Accepted Paper:

Biopolitical bordering: Enacting populations as intelligible objects of government  


Stephan Scheel (University of Duisburg-Essen)

Paper short abstract:

Drawing on ethnographic fieldwork in statistical offices in EUrope, this paper studies the multiple practices, decisions and negotiations that are involved in the delineation of the population that is to be enumerated into being as an intelligible object of government in register-based censuses.

Paper long abstract:

Following Michel Foucault, the target of biopolitics are not territories or individual subjects but entire populations. While Foucault specifies that the emergence of this mode of government is related to new forms of knowledge - most notably statistics - he does not elaborate on how populations are constituted as intelligible objects of government. To address this question, this paper studies what I call biopolitical bordering: quantification practices which determine who is to be considered part of the population that is to be enumerated into being through censuses and other population statistics. Drawing on ethnographic fieldwork in Estonia's statistical office, I study the practices, data infrastructures and method assemblages that are involved in the delineation of populations in order to inquire how this biopolitical bordering is done. In the context of Estonia's register-based census, the determination of the so-called target population (the population to be enumerated in the census) requires a methodology that permits to decide whether a person has been resident in Estonia in the 12 months preceding the census. Therefore, statisticians are developing an algorithm that determines an individual's residency-status through the number and types of entries a person has in 20 different government registers. What my research suggests is that multiple negotiations and decisions are involved in this kind of biopolitical bordering, ranging from the challenge of accounting for the varying significance of government-registers to the question if to in- or exclude people with ambivalent 'signs of life' in the registers in the target population.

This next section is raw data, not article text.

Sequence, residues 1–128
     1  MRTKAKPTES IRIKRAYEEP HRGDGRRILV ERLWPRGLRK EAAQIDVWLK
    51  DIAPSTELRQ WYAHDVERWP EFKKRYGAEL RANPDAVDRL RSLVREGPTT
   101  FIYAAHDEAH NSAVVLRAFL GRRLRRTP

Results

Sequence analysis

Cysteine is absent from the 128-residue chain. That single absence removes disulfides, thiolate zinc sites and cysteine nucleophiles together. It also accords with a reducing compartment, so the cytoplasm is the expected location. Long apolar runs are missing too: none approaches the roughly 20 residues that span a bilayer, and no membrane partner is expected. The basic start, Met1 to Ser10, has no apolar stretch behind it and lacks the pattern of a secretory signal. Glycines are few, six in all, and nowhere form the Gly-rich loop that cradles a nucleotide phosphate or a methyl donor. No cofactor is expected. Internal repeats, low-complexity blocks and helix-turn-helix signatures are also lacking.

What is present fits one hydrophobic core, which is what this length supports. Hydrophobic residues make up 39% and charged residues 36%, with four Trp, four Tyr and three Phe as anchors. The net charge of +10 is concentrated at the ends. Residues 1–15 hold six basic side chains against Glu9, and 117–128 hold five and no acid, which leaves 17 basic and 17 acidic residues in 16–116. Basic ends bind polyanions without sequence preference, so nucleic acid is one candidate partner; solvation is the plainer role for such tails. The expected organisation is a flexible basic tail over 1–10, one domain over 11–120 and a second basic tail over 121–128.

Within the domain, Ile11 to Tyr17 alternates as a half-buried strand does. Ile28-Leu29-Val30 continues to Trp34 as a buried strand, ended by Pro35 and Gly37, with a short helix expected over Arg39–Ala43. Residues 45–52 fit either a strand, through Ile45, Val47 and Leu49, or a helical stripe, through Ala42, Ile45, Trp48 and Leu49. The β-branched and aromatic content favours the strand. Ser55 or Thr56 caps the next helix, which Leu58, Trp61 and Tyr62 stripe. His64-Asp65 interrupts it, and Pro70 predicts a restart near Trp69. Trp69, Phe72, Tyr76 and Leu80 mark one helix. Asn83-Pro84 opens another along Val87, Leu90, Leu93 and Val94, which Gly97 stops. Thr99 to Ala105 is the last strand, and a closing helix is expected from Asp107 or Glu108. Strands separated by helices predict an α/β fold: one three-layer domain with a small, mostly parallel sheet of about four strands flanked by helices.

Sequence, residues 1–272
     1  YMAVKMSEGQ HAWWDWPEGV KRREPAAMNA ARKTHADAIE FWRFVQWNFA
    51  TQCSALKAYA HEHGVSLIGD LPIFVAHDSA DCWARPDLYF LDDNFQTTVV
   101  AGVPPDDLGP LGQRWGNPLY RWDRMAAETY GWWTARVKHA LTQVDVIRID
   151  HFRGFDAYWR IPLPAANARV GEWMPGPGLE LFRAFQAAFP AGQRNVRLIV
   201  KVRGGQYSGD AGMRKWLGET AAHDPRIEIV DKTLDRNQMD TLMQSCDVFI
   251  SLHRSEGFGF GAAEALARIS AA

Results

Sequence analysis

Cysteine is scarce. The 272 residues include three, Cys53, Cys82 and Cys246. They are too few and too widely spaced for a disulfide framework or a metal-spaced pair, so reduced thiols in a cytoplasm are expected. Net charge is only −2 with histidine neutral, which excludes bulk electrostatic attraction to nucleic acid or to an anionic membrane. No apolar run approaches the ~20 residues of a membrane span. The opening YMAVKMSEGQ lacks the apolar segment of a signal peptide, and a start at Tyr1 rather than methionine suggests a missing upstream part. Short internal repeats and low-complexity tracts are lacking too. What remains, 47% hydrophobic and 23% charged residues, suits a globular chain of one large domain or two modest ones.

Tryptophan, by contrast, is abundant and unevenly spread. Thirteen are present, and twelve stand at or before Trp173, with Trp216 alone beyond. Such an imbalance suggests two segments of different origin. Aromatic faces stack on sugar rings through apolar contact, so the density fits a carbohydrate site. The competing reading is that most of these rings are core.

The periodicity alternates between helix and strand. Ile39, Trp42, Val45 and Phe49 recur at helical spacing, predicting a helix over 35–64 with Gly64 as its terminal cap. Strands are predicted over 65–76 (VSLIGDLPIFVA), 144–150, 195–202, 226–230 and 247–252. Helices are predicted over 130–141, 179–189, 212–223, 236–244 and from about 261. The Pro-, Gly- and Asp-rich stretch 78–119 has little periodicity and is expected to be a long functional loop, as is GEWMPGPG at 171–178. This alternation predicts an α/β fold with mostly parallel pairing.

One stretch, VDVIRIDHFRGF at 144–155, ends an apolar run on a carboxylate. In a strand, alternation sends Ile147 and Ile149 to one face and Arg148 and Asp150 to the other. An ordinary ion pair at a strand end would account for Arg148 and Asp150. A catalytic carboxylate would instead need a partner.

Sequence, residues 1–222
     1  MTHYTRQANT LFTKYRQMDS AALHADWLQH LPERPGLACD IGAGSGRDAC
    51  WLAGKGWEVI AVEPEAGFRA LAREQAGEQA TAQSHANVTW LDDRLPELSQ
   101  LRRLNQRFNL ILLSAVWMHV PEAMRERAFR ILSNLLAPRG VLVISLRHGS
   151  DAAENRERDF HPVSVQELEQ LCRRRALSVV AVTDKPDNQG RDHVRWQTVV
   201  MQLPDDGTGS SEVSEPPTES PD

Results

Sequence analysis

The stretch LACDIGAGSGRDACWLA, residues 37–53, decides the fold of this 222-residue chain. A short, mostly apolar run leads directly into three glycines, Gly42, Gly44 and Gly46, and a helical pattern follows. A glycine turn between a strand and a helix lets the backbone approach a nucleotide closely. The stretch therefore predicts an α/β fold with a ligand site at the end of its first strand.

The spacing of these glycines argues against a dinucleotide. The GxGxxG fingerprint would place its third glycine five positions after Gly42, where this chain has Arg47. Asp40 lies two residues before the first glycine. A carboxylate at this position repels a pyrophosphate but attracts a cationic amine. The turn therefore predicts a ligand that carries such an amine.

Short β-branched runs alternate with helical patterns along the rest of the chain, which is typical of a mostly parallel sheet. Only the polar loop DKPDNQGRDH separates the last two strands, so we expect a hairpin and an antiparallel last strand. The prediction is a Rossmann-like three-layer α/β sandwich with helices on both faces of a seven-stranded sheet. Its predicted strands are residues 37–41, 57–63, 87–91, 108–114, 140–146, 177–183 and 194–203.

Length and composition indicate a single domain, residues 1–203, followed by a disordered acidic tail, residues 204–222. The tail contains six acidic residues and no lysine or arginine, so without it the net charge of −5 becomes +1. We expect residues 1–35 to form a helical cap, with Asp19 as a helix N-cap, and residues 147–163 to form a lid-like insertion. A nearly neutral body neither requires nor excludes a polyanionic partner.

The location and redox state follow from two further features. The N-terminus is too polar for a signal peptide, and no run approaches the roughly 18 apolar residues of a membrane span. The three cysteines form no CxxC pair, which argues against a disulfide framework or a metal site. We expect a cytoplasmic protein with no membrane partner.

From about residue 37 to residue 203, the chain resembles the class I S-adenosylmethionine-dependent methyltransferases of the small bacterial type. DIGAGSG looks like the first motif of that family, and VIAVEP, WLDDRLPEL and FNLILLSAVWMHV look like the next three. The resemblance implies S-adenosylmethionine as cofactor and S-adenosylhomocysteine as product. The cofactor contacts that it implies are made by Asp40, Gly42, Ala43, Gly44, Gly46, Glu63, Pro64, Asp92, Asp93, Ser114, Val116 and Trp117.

Panel T045
New Collective Practices of Measurement, Monitoring and Evidence